National Poetry Month

 Academy of American Poets Chancellor Claudia Rankine

national
poetry month April 2018
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about the celebration

about the celebration

National Poetry Month was inaugurated by the Academy of American Poets in 1996. Over the years, it has become the largest literary celebration in the world with schools, publishers, libraries, booksellers, and poets celebrating poetry’s vital place in our culture.

Thank you for joining in the celebration by listing your events and attending other events in your community, displaying this year's poster, participating in Poem in Your Pocket Dayrecommending the Dear Poet project to a young personsigning up to read a Poem-a-Day, and checking out 30 more ways to celebrate.

We hope National Poetry Month's events and activities will inspire you to keep celebrating poetry all year long!

download the national poetry month logo

sponsors & partners 

 

National Poetry Month Sponsor Logos

 

 

get involved

Dear Poet 

A multimedia educational project that invites young people to write letters in response to poems shared by our Chancellors.

learn more

Anne Waldman

Poem in Your Pocket Day

Join thousands of individuals across the U.S. who will carry a poem in their pocket on April 26, 2018. 
 

find a poem

Poem in Your Pocket Day

Poetry & the Creative Mind

The 2018 annual gala will be held at Alice Tully Hall at Lincoln Center in New York City on April 25.
 

read more

Poetry and the Creative Mind

 

upcoming events

date
Jan 19 2018

#PoetryNearYou Pick of the Week: Reasons for Smoking by Xandria Phillips

Come celebrate the release of the new chapbook, Reasons for Smoking, by poet Xandria Phillips on January 19, 2018, 7:30 p.m., at Women & Children First in Chicago, IL. Reasons for Smoking is the winner of the the Seattle Review’s 2016 Chapbook contest, which was judged by Claudia Rankine. Rankine said of Phillips’ work, “The poems in Reasons for Smoking articulate how living, touching, noticing, speaking, and remembering are necessary and subversive acts.” For this event, Xandria will be joined by Chekwube Danladi.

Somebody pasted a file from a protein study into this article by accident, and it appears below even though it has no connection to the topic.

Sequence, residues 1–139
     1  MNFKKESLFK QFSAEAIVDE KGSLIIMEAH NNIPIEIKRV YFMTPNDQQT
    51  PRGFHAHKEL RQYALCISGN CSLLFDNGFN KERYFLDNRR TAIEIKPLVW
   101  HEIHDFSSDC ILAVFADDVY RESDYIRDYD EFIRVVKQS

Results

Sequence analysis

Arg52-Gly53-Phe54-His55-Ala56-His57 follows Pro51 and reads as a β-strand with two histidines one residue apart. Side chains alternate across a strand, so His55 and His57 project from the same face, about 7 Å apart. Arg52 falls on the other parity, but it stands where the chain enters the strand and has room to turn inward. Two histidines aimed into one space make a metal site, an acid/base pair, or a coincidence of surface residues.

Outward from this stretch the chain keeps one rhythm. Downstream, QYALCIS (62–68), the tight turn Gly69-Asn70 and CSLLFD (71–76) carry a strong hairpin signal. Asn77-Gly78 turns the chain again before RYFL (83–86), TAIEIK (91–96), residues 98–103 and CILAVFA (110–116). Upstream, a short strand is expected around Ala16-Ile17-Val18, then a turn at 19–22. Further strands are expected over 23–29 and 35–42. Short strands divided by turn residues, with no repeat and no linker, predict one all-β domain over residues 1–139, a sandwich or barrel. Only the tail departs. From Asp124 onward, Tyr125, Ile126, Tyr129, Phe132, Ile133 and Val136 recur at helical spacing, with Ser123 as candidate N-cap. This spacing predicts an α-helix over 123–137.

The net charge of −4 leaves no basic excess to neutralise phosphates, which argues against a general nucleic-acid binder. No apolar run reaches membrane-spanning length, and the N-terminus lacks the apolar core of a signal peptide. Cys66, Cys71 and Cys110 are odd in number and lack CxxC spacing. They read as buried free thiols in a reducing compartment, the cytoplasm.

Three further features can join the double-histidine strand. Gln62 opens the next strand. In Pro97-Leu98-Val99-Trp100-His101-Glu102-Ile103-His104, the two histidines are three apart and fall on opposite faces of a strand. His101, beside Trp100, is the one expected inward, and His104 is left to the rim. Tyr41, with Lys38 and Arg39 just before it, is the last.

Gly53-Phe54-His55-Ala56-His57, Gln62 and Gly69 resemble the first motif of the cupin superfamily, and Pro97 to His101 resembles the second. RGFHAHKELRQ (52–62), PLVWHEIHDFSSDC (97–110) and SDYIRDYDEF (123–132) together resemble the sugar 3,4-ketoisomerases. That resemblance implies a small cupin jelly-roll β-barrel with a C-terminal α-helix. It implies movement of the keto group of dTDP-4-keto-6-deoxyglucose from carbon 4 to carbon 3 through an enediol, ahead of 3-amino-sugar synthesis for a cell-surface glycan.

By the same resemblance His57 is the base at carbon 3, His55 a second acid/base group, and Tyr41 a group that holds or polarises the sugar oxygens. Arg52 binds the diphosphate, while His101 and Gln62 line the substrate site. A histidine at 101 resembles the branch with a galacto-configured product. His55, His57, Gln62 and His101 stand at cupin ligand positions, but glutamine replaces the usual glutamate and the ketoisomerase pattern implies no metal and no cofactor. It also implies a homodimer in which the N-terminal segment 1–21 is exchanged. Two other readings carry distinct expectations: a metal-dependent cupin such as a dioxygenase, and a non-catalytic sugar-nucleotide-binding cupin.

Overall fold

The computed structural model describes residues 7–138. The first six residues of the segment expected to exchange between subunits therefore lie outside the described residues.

Xandria Phillips is a poet who hails from rural Ohio but currently lives in Chicago. Xandria received her BA from Oberlin College, where she studied creative writing and Africana Studies. She has received fellowships from Cave Canem and Callaloo. Xandria’s poetry is present or forthcoming in Callaloo, Transition, Nepantla, and elsewhere.
 
Chekwube O. Danladi was born in Lagos, Nigeria and raised in Washington DC and West Baltimore. Their chapbook, Take Me Back, was recently included as part of the New-Generation African Poets: Nne. They have received support from Callaloo, Kimbilio, the Vermont Studio Center, and Hedgebrook, and their work has been nominated for a Pushcart. They are currently at work on a novel about queers living in Abuja, Nigeria. They live in Urbana, Illinois.
 
 

To be considered for #PoetryNearYou Pick of the Week, we invite you to become a registered user of Poets.org and use our online calendar Poetry Near You to promote local events in your community.

7:30pm
Women & Children First
5233 N. Clark St.
60640 Chicago, Illinois
Jan 19 2018

Maggie Smith at the Piper Writers House

Join the Virginia G. Piper Center for Creative Writing for an evening with poet Maggie Smith on Friday, January 19th, 2017 at the Piper Writers House (450 E Tyler Mall, Tempe, AZ 85281) at 7 pm. Smith will be reading from her latest collection Good Bones, whose title piece was named the Official Poem of 2016 by Public Radio International. An informal q&a and book signing will follow the reading. This event is open to the public and free. 
 
About the Book